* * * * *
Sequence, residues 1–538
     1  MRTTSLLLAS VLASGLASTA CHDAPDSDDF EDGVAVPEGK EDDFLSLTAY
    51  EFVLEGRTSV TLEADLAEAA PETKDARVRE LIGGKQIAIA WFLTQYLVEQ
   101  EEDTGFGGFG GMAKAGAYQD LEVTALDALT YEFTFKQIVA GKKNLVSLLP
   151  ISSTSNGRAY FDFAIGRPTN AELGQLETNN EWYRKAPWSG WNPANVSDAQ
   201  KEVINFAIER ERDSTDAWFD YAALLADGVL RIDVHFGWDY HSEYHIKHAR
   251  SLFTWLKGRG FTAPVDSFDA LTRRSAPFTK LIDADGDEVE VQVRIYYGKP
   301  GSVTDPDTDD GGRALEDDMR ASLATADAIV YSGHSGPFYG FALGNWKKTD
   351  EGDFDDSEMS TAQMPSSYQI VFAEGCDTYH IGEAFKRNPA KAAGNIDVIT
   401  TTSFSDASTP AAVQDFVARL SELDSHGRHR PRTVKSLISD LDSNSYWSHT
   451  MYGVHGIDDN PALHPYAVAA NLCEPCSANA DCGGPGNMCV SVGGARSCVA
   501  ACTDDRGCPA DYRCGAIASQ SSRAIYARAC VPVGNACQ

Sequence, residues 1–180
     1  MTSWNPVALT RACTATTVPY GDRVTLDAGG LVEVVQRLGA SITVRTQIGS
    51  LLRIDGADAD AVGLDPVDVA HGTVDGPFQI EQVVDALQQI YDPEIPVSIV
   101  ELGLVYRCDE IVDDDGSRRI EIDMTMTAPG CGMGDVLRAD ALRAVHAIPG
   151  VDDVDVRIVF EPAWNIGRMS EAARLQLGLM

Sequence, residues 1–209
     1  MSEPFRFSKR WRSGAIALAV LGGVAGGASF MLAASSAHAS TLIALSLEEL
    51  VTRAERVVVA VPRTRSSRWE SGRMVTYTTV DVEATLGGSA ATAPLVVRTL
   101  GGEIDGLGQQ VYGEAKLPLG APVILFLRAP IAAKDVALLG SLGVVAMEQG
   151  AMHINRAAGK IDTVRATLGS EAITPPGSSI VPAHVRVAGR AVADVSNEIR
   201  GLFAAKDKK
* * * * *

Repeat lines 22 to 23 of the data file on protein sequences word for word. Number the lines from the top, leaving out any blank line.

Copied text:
   151  AMHINRAAGK IDTVRATLGS EAITPPGSSI VPAHVRVAGR AVADVSNEIR
   201  GLFAAKDKK